It would seem like a backward step to purposefully not compete in these activities just because of some malformed preconceptions. It’s about the right to do them and enjoy them as a human first, girl second. Some people might claim that the gay pride parades exacerbate gay stereotypes and promote in-your-face “fabulousness.” But if you see that as a negative and think of it as special treatment because everyone is unique, not just homosexuals, then society will be happy to march on, blissfully unaware that people are being treated unfairly. The point of awareness is to make something heard and stop it from ever being ignored, even if it’s something that most people already know. I think that this applies here – don’t avoid “girl” sports just because men label them that way. Do what you enjoy and keep fighting the fight to change perceptions.

  4. I have seen some boys/men in cheerleading, especially at the competitive level. But it seems that in a lot of smaller schools, it is a female-only activity. When I went to high school, in addition to the cheerleading squad which mostly focused on football games and pep rallies, there was also a “yell leaders” squad of girls who cheered at wrestling matches. I would like to see cheer squads be more diverse rather than girls-cheering-for-boys focused–hopefully they are moving in that direction!

  5. I am interested in the thoughts of teaching the boys strong values in what is important in a girl. Yes, many girls aspire to be cheerleaders but so do the boys aspire to be “worthy” of a cheerleading girl. I try to let my son know that the cheerleading girls can also have great personalities and are intelligent, just as the (for lack of a better word) book worms are also beautiful.

  6. It doesn’t really matter to me if cheerleading is consider a sport or not. Sport is just a word. But to be honest, if cheerleading was equally marketed at boys (to cheer women teams for example), then there would be more balance and I personally think it’s a good activity in itself, requiring great skills of athleticism and coordination. Imagine having a boys cheering a team of girls: that would show girls that there is really equality. The problem is that we live in a society where constantly we need to differentiate “girls things” from “boys things”, it’s so stupid, everyone is an individual. In fact you can be a boy and be very into girls things, but then you are bullied if you show what you really like so most boys follow the trend even when naturally they feel attracted by lots of different acticities. Any mother would confirm that every child is different from the start. My son for example is not the typical aggressive or competitive type, he’s very sensitive and artistic and he had quite an interest for decorating and customising things: not a boys thing? it doesn’t matter, he will be great and have a happy life as long as I remind him that what really matter is to follow your creativity and passion. Marketing and media always emphasise the differences instead of focusing on similarities, we are all human beings and gender is just one little characteristic which shouldn’t define our life, behaviour, interests & loves!!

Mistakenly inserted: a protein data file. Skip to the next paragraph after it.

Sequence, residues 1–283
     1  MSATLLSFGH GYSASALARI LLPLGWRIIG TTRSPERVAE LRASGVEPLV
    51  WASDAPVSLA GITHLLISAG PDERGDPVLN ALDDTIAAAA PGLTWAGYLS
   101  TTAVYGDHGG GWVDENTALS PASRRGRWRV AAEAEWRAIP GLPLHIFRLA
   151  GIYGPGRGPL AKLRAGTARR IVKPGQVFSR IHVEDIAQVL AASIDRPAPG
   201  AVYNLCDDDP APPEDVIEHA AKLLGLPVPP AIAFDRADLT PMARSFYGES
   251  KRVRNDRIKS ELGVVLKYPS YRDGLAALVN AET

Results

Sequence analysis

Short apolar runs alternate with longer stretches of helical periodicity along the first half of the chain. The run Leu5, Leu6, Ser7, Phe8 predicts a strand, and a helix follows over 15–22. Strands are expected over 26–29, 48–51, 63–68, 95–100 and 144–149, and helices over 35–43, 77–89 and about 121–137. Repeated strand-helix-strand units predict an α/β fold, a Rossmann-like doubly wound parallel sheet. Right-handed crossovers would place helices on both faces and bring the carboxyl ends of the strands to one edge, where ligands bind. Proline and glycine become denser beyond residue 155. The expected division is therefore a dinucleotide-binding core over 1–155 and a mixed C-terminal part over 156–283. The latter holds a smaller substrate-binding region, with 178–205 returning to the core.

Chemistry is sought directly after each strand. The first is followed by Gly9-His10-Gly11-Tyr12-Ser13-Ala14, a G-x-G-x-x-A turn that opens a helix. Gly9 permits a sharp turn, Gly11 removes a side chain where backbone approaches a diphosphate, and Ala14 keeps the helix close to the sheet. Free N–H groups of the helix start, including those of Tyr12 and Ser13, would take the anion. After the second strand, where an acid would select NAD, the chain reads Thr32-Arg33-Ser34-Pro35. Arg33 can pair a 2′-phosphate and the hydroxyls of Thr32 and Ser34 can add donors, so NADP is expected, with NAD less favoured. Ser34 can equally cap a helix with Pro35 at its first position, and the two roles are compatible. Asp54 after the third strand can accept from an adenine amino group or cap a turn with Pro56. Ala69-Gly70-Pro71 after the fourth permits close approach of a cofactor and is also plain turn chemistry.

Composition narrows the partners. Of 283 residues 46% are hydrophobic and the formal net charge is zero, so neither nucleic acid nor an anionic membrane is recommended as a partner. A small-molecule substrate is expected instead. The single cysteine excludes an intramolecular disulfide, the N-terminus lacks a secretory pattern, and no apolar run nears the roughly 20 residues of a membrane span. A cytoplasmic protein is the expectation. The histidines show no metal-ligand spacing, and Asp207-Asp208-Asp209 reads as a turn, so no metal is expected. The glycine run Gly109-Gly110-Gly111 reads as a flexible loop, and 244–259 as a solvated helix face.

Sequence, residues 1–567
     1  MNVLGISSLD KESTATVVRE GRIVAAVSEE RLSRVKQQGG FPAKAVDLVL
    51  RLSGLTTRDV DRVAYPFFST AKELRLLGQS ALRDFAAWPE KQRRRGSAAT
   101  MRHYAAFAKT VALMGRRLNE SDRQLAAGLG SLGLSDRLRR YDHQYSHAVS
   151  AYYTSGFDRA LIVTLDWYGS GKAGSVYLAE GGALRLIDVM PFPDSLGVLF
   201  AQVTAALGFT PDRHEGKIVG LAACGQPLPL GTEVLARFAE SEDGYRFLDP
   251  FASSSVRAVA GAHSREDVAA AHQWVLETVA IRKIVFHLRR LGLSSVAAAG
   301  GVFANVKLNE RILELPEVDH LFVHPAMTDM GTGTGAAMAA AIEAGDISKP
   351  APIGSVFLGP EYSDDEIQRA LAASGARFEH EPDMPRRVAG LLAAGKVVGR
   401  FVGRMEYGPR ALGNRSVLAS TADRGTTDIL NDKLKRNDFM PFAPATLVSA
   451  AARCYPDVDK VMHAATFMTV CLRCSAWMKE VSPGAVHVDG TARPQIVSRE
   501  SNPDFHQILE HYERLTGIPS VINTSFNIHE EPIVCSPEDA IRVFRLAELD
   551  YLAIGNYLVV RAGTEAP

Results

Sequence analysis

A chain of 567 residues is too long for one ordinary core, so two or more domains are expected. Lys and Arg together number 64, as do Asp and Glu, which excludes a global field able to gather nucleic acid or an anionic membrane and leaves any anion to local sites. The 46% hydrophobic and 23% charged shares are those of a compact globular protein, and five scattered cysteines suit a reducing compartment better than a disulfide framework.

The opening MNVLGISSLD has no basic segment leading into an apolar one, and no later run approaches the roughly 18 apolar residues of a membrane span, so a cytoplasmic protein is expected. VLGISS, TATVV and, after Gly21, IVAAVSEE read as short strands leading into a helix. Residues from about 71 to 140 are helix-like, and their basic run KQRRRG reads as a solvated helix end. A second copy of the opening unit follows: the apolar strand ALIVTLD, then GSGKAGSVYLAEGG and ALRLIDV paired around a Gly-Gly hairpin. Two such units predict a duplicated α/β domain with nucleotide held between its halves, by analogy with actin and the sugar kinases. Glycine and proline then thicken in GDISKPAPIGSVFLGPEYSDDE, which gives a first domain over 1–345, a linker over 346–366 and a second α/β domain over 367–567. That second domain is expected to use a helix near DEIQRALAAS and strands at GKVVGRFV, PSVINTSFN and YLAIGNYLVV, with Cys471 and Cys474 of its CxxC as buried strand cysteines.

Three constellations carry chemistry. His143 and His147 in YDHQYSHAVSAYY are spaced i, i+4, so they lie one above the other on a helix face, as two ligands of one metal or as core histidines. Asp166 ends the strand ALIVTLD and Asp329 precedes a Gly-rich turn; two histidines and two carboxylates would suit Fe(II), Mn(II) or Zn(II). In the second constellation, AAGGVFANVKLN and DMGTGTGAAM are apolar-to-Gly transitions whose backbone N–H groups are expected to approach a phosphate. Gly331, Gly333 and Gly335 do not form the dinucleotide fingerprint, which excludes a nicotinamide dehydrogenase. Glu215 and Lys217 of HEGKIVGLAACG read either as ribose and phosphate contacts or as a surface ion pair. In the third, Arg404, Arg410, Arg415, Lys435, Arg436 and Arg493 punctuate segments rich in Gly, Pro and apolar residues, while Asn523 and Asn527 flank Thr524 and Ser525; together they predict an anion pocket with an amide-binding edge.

7. I don’t think there’s anything wrong with cheerleading as a sport/activity, but I do agree that it seems to have the unfortunate effect of glorifying women as pretty ornaments who are there to support the boys. But, this might just be a side effect of the way women are viewed in our culture.

    I’ve had close friends who were cheerleaders, and they were hard core. Amazing gymnasts, went to tons of long practices, and pulled off some awesome stunts. So I definitely don’t think it’s a bad goal for girls to want to be cheerleaders, but I do think they should consider WHY they want to be cheerleaders…I probably wouldn’t want my daughters to cheer, but that’s mostly because of the high rate of injuries.

  8. Yes, please – if you are going to bring a US tradition to another country, don’t make it cheer-leading. 😉 I’m sure that cheer-leading has positive and negative aspects like most everything else. But I like to think that unless the child really wants to do it, there are probably better sports out there equally hard/dangerous/engaging (example: gymnastic!) from which the girls can be rewarded better (through competition or Olimpionic aspiration) and without the negative connotation of ‘pretty ornaments cheering for the boys’! Alternatively, like you said, let’s make the activity as popular for the boys cheering the girls: then I would probably not have a problem with it.